“Next let’s find out who’s back of this State Grange anti-popular-vote campaign. All initiative 139 would do is to submit P.U.D. bond issues to a vote of the people. Just why and on whose behalf and for what consideration are Grange officials opposing so wholly democratic a procedure? Certainly not for farmers, since to an average farmer his power and light bill is so minor an item that, even if he got it free, he wouldn’t be helped much. If not for farmers, then for whom are the Grange bosses working?

“As we start our probe, let’s look over an average issue of Grange News, about half of whose reading space is devoted to opposing popular votes on P.U.D. expansions. Let’s find out who pays for the full page ads of the `Washington State Grange Power Committee.’ Let’s find out who constitute and who controls that committee. Does it consist of farmers, or of stooges for the Power Trust? Are its members actually friends of public power, or are they some of the Myers and Clucks whose connections with Wall Street the Grange News itself has exposed? Let’s find out why just about the only real advertising contract in the Grange News is that of Puget Sound Power and Light Co. Let’s ask ourselves if, just possibly, there isn’t a pretty smelly nigger in this PUD woodpile. Let’s even look into the possibility that the Grange officers and paper, wittingly or otherwise, may be mere tools or dupes employed to put over a `sellout’ of our publicly owned power system that will make the smelly old Seattle streetcar deal look like a Saturday bargain special by contrast.

“Getting well under way, let’s look into a few of these PUD’s themselves, about which so much boasting is done. Let’s find out why the Grays Harbor P.U.D. bought out a private plant at a price ($2,800,000.00) which the State Department of Public Service had previously found was `watered’ to the tune of a half million dollars. Let’s ask why to the purchase, they issued bonds in the amount of $3,500,000.00, seven hundred thousand dollars more than

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the purchase price. Let’s ask why those bonds sold in Seattle for $106.00, but the P.U.D. got only $100.00. Let’s find out who got a cut, and how much, for putting over that sweet deal for the Power Trust.

“Then let’s find out why another P.U.D. is now employing the manager of the Grays Harbor set-up to act as an `advisor’ at a high fee. Let’s find why a certain P.U.D. gave a $5000.00 `retainer’ to a public official who, if not properly `persuaded,’ might have inconveniently dropped a monkey wrench into their proposed purchase of power trust properties at an exorbitant figure. Let’s ask why another P.U.D. paid, and charged to its expense account, the campaign expenses of a public official.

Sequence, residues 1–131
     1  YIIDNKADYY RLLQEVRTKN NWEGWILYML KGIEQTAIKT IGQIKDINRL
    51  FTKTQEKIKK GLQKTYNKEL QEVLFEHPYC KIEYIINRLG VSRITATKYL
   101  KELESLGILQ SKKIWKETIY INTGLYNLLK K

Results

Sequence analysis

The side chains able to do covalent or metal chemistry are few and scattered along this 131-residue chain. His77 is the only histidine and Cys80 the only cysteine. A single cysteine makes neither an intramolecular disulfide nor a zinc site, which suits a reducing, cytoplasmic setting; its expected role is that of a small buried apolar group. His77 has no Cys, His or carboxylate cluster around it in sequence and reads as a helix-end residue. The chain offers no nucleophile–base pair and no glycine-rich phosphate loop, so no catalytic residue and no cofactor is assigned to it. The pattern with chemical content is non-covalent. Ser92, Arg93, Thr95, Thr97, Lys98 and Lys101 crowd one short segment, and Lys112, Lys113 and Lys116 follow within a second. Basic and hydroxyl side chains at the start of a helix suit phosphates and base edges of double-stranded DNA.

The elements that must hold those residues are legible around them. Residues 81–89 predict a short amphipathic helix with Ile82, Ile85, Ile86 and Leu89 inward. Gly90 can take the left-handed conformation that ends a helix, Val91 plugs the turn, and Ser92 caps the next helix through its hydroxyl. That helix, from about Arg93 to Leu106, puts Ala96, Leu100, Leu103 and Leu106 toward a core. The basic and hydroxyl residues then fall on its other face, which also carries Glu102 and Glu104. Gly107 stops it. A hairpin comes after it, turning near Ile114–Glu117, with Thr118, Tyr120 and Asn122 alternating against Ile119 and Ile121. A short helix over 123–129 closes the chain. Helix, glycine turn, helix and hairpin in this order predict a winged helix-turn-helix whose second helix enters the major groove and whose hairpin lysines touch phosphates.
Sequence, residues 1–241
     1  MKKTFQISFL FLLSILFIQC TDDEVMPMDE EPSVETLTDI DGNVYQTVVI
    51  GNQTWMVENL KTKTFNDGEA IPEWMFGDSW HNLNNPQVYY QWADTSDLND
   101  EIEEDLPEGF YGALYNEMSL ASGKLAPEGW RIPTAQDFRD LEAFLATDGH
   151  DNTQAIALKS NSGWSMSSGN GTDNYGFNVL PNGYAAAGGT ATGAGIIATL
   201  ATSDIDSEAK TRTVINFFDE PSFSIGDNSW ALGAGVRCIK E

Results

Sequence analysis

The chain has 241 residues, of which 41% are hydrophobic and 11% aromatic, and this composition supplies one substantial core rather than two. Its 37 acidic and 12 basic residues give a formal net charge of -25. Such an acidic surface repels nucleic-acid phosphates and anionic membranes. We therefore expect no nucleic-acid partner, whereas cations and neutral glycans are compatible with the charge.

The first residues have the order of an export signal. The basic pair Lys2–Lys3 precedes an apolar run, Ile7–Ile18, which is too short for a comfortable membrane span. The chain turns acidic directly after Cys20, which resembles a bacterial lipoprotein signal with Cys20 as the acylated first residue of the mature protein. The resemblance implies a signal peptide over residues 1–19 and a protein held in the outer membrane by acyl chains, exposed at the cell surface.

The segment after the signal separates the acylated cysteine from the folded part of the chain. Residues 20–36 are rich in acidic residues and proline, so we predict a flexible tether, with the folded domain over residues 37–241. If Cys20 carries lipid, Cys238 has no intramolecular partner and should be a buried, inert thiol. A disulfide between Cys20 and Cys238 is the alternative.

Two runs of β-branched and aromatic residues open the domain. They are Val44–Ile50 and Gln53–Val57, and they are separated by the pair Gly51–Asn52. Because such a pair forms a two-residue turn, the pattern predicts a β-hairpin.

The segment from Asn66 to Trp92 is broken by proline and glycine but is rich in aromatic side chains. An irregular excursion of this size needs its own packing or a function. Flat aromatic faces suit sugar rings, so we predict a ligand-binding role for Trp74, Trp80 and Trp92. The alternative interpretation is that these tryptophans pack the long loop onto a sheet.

“Let’s find out, to put it baldly and straight-from-the-shoulder, if it isn’t the Power Trust that pulls the P.U.D. strings, with the Grange, the so-called `Grange Power Committee,’ Senator Bone and a lot of other puppets merely doing what they’re told.

“By all means, Grange News, let’s have an investigation — and let’s have it before you and the Power Trust put over another Street-car Deal on us. Let’s find out just who is opposing Initiative 139, and why. And if it’s the Power Trust that’s under suspicion, let’s start looking for it where we’re most likely to find it. That, we suspect, will be in the back rooms of the P.U.D. movement, conspiring to sell us (if it can kill Initiative 139 and the perils of voter disapproval) its obsolete and failing power properties, just as it once sold us the Seattle street railway, at an outrageous profit.”

As special damages are not alleged, the sole question presented for determination on this appeal is whether or not the publication is libelous per se.

Rem. Rev. Stat. (Sup.), § 2424 [P.C. § 8953], provides:

“Every malicious publication by writing, printing, picture, effigy, sign radio broadcasting or which shall in any other manner transmit the human voice or reproduce the same from records or other appliances or means, which shall tend: —

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“(1) To expose any living person to hatred, contempt, ridicule or obloquy, or to deprive him of the benefit of public confidence or social intercourse; or . . .

“(3) To injure any person, corporation or association of persons in his or their business or occupation, shall be libel. .. .”

[1, 2] Malice is not an essential element of civil libel Wilson v. Sun Pub. Co., 85 Wn. 503, 148 P. 774, Ann. Cas. 1917B, 442; Hollenbeck v. Post-Intelligencer Co., 162 Wn. 14, 297 P. 793; Blende v. Hearst Publications, Inc., 200 Wn. 426, 93 P.2d 733, 124 A.L.R. 549. But, aside from that, the publication proscribed as criminal libel in the cited statute, in so far as it pertains to living persons, also constitutes libe per se. As stated in Graham v. Star Pub. Co., 133 Wn. 387, 389, 233 P. 625: “. . . any publication which falsely charges a person with the commission of a crime or comes with[in] § 2424, Rem. Comp. Stat. [P.C. § 8953], is libelous per se, . . .”

In Wilson v. Sun Pub. Co., supra, Judge Ellis, the author of the opinion, commented on this statute as follows:

“Eliminating the statutory element of malice, either actual or implied, an essential only of criminal libel, this definition meets the essentials of libel actionable per se as generally recognized in civil actions for damages. Newell, Slander and Libel (2d ed.), p. 43.”

In Miles v. Wasmer, Inc., 172 Wn. 466, 20 P.2d 847, it was said, p. 469, that

“Defamatory words spoken of a person, which in themselves prejudice him in his profession, trade, vocation or office, are slanderous and actionable per se, unless they are either true or privileged.”

[3] It was alleged in the amended complaint that appellant held various public utility district offices, and that the imputations of the published article were